Metabolic Age: What Is It + How It Impacts You?
We’ve all heard “age is just a number,” at least when it comes to our chronological age, or the number of birthdays we’ve celebrated. But there’s another age that may be worth paying more attention to: metabolic age. What is metabolic age? Well, it starts with how many calories our bodies burn when we’re at rest (i.e., lying around in bed all day) compared to other folks who have celebrated the same number of birthdays.
While the only real way to change our chronological age is to lie about it, the lifestyle choices we make can change our metabolic age. And the metabolic age has a much bigger impact on our health and longevity.
What is Metabolic Age?
Basal Metabolic Rate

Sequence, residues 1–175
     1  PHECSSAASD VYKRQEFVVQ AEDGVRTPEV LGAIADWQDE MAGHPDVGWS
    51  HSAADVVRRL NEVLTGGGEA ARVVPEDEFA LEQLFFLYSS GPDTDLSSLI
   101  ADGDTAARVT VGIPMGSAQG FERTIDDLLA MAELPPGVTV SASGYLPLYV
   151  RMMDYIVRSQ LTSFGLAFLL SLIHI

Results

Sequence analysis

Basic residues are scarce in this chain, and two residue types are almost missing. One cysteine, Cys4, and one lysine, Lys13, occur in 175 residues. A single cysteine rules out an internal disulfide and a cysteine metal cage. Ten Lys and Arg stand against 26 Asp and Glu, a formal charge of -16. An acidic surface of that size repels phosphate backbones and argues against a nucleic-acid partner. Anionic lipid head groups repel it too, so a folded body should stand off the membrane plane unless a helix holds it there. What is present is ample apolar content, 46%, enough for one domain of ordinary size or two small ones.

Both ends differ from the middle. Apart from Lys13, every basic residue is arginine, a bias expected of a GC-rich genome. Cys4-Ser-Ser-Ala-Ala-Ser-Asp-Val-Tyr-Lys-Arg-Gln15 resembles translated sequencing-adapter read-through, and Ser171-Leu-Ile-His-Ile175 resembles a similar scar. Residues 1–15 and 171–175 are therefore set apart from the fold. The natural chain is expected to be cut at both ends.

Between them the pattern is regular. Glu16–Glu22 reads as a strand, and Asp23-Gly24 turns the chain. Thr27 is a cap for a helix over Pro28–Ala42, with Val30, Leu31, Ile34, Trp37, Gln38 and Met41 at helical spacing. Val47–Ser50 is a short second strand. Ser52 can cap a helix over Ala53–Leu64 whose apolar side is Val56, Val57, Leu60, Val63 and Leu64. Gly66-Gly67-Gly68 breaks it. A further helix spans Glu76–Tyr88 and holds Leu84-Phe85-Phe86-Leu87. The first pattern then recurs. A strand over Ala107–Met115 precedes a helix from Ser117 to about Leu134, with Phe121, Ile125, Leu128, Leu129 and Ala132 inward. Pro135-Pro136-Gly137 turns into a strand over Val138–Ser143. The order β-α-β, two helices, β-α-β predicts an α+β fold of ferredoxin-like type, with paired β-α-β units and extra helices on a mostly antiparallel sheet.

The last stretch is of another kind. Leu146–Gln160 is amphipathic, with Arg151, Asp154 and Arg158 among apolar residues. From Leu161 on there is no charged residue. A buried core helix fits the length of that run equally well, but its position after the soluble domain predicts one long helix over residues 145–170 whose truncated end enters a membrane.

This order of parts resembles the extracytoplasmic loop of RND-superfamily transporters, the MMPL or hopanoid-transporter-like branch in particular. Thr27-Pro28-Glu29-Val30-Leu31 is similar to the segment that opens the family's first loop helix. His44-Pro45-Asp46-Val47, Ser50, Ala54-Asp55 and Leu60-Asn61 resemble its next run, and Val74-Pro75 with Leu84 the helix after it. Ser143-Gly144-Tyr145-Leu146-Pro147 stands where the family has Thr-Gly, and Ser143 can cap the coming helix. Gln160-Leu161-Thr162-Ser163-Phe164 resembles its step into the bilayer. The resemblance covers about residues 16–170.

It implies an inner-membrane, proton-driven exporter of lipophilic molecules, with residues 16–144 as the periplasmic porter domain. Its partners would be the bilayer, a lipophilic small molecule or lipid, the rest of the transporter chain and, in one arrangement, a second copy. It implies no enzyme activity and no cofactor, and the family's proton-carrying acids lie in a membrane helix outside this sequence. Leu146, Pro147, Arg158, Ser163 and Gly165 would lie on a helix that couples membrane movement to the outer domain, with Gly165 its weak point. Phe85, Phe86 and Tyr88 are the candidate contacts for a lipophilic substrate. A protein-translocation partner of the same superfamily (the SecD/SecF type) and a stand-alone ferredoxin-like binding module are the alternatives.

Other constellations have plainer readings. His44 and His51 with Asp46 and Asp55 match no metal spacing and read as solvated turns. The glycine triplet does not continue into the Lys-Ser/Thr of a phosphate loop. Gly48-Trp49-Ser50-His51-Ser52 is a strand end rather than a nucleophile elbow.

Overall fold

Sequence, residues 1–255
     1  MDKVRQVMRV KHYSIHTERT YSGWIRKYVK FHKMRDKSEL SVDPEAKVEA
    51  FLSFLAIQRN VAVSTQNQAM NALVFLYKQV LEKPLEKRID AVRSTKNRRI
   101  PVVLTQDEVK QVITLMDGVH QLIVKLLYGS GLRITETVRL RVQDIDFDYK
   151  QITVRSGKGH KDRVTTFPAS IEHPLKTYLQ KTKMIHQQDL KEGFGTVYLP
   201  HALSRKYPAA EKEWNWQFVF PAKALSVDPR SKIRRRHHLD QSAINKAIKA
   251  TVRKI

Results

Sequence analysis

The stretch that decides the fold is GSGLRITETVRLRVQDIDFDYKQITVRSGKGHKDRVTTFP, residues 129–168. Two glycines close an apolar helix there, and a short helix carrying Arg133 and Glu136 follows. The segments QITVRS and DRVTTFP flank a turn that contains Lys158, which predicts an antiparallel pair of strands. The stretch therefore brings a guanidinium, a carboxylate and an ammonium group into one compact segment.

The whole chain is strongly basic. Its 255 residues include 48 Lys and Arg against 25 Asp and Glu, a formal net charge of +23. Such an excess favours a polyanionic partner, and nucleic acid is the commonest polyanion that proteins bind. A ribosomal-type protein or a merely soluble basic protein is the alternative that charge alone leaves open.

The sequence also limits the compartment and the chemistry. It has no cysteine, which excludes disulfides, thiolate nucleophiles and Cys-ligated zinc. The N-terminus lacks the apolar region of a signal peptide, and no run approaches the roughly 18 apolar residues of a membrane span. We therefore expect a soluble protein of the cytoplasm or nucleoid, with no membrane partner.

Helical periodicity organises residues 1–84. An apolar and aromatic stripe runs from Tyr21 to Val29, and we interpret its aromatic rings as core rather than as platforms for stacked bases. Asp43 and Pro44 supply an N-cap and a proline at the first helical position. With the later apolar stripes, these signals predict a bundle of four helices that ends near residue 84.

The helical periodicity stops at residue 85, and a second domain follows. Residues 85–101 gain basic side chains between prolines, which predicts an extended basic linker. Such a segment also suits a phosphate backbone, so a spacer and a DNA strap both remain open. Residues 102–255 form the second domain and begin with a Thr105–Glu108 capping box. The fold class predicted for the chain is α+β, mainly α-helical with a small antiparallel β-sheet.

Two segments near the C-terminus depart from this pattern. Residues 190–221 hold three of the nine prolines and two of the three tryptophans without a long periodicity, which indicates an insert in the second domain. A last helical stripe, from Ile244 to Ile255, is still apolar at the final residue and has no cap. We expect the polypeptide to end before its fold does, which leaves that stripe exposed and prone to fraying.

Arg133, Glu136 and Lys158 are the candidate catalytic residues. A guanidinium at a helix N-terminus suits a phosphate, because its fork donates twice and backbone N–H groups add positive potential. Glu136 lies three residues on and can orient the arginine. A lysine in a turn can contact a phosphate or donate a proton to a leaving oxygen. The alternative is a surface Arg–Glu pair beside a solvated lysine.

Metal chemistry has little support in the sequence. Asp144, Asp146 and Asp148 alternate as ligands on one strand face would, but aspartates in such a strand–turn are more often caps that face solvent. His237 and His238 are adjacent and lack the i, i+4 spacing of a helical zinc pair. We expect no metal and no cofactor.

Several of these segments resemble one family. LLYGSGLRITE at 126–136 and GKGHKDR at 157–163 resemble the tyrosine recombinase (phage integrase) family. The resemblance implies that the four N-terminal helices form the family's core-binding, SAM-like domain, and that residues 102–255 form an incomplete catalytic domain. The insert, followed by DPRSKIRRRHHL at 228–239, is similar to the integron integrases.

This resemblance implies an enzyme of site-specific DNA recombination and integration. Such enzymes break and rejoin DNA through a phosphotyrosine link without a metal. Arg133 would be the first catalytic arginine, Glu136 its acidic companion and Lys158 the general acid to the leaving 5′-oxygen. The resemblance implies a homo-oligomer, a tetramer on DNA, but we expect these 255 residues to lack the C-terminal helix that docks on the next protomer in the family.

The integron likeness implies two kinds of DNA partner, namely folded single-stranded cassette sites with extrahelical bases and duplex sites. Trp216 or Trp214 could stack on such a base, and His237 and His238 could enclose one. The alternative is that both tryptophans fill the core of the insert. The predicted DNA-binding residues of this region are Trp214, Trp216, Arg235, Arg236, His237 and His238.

Metabolic age starts with defining the basal metabolic rate or BMR. That is, the number of calories needed to keep your body, including organs and muscles, functioning while at rest. This number is determined by several factors, including weight, height, gender, bone mass, and muscle mass. In short, the higher your metabolic rate, the younger your metabolic age.
In other words, people who have more muscle score better than folks who tend to carry more body fat. Folks with a higher metabolic age also tend to have a higher cardiovascular risk and risk of developing metabolic syndrome. 1, 2 Metabolic syndrome is defined as “a cluster of biochemical and physiological abnormalities associated with the development of cardiovascular disease and type 2 diabetes.” So, metabolic age can provide good insight into a person’s health and fitness status.